2011 CH+D Award for Kitchen + Bath Design
Artistic Designs for Living, San Francisco
Bush Street Kitchen
A kitchen renovation is no piece of cake, but designer Tineke Triggs might beg to differ. Tasked with transforming the awkward, dark kitchen of a 1,000-square-foot Lower Pacific Heights apartment into an open and inviting space, Triggs found her muse in the sweetest of places. “My client had a postcard of Wayne Thiebaud’s Cakes, which she loved, and it ended up inspiring the palette for the entire project.”
Whether used as a prep station or a breakfast bar, the streamlined metal table is less bulky than a solid island and offers the same amount of counter space.
Triggs started by switching out the room’s tiny window for a taller one, and then opening up the doorway to the dining area to bring in some of the kitchen’s new light. An original Thiebaud painting would have blown the $75,000 budget, so Triggs had the postcard’s image enlarged instead. Frosting-white paint was chosen for the cabinets, while the gray-blue background of the painting is mirrored in the kitchen’s subway tile backsplash.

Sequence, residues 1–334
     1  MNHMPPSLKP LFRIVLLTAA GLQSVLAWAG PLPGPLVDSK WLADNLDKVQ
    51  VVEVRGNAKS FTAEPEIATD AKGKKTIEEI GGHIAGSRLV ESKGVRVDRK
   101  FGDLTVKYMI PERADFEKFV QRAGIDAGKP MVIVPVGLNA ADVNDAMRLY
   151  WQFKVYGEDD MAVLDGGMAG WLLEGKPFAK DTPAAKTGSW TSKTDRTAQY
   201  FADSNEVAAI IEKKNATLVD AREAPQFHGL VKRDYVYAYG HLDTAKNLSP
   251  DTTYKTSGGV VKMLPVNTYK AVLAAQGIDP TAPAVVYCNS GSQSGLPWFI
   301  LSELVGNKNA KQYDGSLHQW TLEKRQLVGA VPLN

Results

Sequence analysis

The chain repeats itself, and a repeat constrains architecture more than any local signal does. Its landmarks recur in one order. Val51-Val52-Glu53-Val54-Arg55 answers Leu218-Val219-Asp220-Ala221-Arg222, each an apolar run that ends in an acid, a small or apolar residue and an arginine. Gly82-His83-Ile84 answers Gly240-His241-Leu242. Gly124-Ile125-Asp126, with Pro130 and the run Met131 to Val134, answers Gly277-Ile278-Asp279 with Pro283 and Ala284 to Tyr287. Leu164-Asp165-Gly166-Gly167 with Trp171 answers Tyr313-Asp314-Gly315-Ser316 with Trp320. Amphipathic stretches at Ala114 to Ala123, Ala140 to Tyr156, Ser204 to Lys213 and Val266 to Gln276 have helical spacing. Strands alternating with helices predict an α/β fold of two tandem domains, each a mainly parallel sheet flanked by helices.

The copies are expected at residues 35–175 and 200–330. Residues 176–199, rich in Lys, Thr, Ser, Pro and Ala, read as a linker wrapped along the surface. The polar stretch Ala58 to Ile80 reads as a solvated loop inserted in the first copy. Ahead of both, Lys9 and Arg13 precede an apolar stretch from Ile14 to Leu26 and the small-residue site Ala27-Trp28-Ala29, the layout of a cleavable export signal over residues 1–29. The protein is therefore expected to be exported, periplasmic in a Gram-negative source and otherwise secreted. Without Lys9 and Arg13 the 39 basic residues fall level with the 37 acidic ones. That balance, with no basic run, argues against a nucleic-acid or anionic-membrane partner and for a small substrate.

The palette was inspired by the adjacent dining area and Wayne Thiebaud’s Cakes painting.
To keep the room open and fresh, a clunky island was nixed for a slim stainless steel table on casters that doubles as a casual dining spot. An antique armchair scored on eBay got a fresh coat of paint and new upholstery to fit the palette. The round shape of the cakes in the inspiration artwork is echoed in the arches above the sink and the curves of the chandelier. Yellow accents dot both the kitchen and dining areas like icing.
The finished product was just what the client, a single woman who works in public relations, had hoped for. “Kitchens tend to be very masculine,” Triggs says. “Being able to tweak that and create a room that’s feminine and glam was a lot of fun.” Sounds like sweet success.